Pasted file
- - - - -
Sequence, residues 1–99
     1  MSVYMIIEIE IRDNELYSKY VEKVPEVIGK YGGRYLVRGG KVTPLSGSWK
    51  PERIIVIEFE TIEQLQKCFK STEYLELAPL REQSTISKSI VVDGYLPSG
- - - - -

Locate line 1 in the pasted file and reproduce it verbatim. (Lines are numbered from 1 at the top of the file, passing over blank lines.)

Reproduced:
Sequence, residues 1–99